Wednesday, March 30, 2011

Two opposing views: Must you listen to rabbis to violate the Torah?

From Daas Torah - translation copyrighted

The following shows that the commonly accepted view of rabbinic authority is based on the Sifre which is not the authoritative view since it is rejected by  the Bavli & Yerushalmi and is not mentioned by Rambam and Shulchan Aruch.

Ramban (Devarim 17:11):
Left and Right.  Rashi explains that even if the Sanhedrin tell you that right is left or left is right – [you must obey them]. Meaning that even if you are certain that the Sanhedrin has erred and it is as obvious to you as the difference between your right and left – you still must comply with their understanding of the Torah. In other words you can’t argue, “How can I eat that  which is prohibited by the Torah or how can I execute this person when I know he has not transgressed?” Rather your attitude must be, “The absolute obedience to the rulings of the Sanhedrin is what G d has commanded me and I must observe the mitzvos exactly as the Sanhedrin (which is in G d’s presence in the Temple) says. The Torah was given to me according to their understanding – even if they err.”  This is what happened when R’ Yehoshau had a dispute with the Sanhedrin as to what day was Yom Kippur. R’ Gamliel the head of the Sanhedrin ordered R’ Yehoshua to appear before him on the day that he thought was Yom Kippur (Rosh HaShanna 25a). the necessity for this mitzva is very great. That is because the Torah was given to us in writing and it is known that people don’t think identically in all matters. Therefore it would be natural for disputes over what the Torah means to continually multiply and it would end up that there would be many Torahs instead of one. That is why this verse tells you that one must obey the Sanhedrin which convenes in G d’s presence in the Temple – in everything they say concerning the understanding of the Torah. There is no difference in the requrement to obey whether this Torah understanding is part of the Tradition which goes back what G d told Moshe or what their understanding of the meaning or intent of a Torah verse.  This requirement to accept their Torah understanding is because the Torah was in fact given to us according to their understanding. Therefore they must be obeyed even if their view contrasts with your understanding as left contrasts with right and surely if you agree with their understanding. That is because G d’s spirit is on those who serve in His Temple and He does not desert His pious ones. G d always protects them from error and mistake. The Sifri (Shoftim 154) says that you must obey them even if appears that they have reversed right with left and left with right.

Yad HaMelech (Hilchos Maamrim 1:2): …It is clear that according to the understanding of Rashi and the Mizrachi the intent of the Sifre [that one must listen to the rabbis even when it apparently involves Torah prohibitions] is against the view of the Babylonian Talmud and also against the Yerushalmi. Furthermore since the Rambam omits mention of this Sifre therefore we have only the halachic view that is explicit in the Bavli and Yerushalmi.  Thus all halachic rulings which appear to contradict the words of the Torah e.g., eating prohibited fats or killing an innocent man – irrespective as to the authority of the rabbi giving the ruling they are not to be accepted. It is stated explicitly in the Yerushalmi and also the Bavli that if someone errs in this matter and thinks it is an obligation to listen to these rabbis to eat fat prohibited by the Torah because he thinks it is a mitzva to always obey the rabbis – this individual is obligated to bring a sacrifice as he would be for eating any Torah prohibited food in error.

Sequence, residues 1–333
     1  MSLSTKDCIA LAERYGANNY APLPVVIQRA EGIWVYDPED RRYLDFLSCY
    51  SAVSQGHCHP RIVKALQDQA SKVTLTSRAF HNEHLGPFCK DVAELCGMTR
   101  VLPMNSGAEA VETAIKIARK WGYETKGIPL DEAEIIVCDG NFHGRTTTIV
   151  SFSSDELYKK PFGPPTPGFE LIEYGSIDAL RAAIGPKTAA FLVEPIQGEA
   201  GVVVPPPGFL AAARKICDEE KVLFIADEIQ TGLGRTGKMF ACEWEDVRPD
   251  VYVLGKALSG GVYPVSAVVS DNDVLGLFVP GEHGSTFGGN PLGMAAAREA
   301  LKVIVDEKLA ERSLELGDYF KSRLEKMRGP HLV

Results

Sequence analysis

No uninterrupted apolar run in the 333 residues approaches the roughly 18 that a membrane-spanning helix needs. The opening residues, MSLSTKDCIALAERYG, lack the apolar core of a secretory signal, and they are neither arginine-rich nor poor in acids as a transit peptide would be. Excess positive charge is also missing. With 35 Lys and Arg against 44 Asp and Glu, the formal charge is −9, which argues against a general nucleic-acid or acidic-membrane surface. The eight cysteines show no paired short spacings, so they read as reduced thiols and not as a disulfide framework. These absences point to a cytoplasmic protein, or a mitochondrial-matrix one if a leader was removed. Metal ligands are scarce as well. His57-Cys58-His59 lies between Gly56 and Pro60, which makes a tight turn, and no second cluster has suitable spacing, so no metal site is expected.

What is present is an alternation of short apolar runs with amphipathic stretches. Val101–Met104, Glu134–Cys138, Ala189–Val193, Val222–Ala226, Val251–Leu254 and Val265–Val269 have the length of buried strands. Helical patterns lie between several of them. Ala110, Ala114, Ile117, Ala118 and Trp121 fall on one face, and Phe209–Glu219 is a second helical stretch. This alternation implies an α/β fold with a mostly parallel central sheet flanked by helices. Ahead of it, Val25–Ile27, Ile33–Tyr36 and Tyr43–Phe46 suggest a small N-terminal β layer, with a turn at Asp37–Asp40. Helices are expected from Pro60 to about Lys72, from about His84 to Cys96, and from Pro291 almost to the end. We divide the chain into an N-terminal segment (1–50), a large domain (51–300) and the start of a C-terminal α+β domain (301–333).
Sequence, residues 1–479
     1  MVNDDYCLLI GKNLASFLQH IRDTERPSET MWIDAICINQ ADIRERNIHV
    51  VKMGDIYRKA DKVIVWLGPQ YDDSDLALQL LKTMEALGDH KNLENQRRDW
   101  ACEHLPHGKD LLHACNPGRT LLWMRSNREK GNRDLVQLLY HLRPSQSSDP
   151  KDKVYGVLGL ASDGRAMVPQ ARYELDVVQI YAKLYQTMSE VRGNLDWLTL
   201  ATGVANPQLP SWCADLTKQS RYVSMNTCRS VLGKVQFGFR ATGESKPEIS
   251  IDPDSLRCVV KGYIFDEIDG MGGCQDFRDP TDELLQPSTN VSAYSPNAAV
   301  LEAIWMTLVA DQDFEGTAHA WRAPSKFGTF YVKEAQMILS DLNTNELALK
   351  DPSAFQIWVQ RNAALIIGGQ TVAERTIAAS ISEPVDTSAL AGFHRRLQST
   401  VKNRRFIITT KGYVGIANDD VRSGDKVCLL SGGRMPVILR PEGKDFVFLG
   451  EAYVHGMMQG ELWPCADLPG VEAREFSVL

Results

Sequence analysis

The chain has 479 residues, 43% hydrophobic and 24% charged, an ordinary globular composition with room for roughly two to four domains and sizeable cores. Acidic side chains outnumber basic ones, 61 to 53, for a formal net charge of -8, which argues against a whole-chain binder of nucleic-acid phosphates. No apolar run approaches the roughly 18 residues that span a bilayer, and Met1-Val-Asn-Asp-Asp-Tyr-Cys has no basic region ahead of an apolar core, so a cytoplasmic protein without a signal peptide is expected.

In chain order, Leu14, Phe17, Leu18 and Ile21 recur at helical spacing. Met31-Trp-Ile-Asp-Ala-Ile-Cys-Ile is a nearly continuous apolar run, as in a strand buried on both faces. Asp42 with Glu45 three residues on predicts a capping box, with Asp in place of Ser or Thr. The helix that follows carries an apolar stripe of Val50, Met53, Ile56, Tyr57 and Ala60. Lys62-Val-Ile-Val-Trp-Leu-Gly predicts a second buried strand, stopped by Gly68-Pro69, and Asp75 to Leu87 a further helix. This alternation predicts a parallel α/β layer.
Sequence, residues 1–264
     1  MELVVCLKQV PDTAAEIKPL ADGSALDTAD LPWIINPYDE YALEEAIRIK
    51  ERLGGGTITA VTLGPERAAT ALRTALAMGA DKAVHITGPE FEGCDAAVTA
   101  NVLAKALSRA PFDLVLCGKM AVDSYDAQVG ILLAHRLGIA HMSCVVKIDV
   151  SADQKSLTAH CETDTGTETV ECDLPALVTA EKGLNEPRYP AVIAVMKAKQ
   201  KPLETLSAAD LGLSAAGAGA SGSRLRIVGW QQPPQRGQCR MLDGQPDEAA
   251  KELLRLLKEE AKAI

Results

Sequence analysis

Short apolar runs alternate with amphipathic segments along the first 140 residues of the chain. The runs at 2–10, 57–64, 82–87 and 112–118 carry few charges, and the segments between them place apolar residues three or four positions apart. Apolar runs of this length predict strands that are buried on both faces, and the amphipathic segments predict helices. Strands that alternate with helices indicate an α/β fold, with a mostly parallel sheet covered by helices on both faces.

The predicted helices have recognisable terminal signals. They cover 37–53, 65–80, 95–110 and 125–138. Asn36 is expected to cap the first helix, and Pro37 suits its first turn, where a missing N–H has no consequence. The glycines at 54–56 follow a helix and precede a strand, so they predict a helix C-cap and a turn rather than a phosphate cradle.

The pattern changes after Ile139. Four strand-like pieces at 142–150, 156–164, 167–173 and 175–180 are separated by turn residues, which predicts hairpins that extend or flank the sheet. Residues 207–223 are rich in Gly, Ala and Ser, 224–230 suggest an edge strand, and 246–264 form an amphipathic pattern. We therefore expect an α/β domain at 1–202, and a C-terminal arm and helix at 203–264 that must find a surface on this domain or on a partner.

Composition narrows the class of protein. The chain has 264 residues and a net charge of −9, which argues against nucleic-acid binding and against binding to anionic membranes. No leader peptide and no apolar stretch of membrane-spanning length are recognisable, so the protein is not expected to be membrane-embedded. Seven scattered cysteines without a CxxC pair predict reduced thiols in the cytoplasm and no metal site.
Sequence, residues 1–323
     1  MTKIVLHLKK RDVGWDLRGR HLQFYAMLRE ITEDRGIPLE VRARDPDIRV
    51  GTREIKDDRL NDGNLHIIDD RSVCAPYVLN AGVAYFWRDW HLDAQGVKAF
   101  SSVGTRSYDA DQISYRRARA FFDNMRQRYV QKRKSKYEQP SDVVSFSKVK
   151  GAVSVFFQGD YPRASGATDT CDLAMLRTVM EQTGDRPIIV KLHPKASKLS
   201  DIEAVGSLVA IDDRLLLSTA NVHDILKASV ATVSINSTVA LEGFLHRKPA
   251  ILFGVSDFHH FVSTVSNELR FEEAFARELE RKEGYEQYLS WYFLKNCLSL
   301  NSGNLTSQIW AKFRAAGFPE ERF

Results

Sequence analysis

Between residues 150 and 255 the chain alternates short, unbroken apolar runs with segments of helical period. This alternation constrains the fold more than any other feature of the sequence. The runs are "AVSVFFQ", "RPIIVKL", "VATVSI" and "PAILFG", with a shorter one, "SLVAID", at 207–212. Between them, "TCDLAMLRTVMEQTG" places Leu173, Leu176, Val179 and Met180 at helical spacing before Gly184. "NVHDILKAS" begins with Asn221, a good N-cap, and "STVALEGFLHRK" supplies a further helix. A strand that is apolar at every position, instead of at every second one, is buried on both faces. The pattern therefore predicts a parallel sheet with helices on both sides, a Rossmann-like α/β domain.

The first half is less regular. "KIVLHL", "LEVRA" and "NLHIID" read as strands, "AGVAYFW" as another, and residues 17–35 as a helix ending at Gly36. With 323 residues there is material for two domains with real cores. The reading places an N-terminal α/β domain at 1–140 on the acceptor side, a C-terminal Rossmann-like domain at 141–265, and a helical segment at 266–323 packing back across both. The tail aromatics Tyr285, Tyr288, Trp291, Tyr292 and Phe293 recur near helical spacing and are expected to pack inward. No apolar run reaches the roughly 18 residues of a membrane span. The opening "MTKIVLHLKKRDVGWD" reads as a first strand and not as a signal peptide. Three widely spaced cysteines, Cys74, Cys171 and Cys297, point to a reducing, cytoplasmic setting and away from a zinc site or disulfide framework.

*** Even Ramban might hold Sifre only applies if  Sanhedrin rejects your view ***

Rav Ovadia Yosef (Yabiah Omer Y.D. 6:7.2): … The Yerushalmi (Horious 1:1) states, that you might think even if they tell you that “right” is “left” and that “left” is “right” that they must be obeyed. Therefore the Torah says that you should only obey them if they say that “right” is “right” and “left” is “left”. But this is the opposite of the Sifre [that you must obey them even if they tell you that “right” is “left” and “left” is “right”…. However according to the explanation of the Ramban (Sefer HaMitzvos Shoreh I) and those who support him [Ran Sanhedrin 87a] there is a reconcilation. According to the Ramban as long as the dissenting view has not been directly presented to the Sanhedrin [or Rabbinic authority] then he must refuse to eat that which the Sanhedrin insists is kosher. [If he eats food that he regards as unkosher because he is relying on the Sanhedrin he must bring a korbon] However once he has directly discussed the issue with the Sanhedrin and they have rejected his view [despite his best efforts] then the halacha becomes that he must obey them [even if he is still convinced he is right.]

Riva (Devarim 17:11): Don’t deviate from what they tell you left or right – Rashi explains,“You must obey them even if they tell you right is left and left is right and surely if they tell you right is right and left is left.”  This is an astounding statement. Are we really required to listen to a rabbi who tells you that something that is impure is pure or that something which is prohibited really permitted?! The answer is that this command does not concern Torah obligations but rather Rabbinic decrees. Thus “the right that is really left” is referring to decrees such as not doing the Torah mitzva of blowing shofar because of the concern of profaning Shabbos. The meaning of “the left that is really right” is referring to decrees such as prohibiting marriage to someone who is permitted by the Torah.


  1. Yad Hamelech's position is the most rational. He would not be very well accepted in yeshiva circles today - or should I say "artscroll/yated" circles.

  2. I hadn't seen the Yad ha-Melekh before, but I already knew about the contradiction between the Sifrei on the one hand, and the Bavli and Yerushalmi on the other.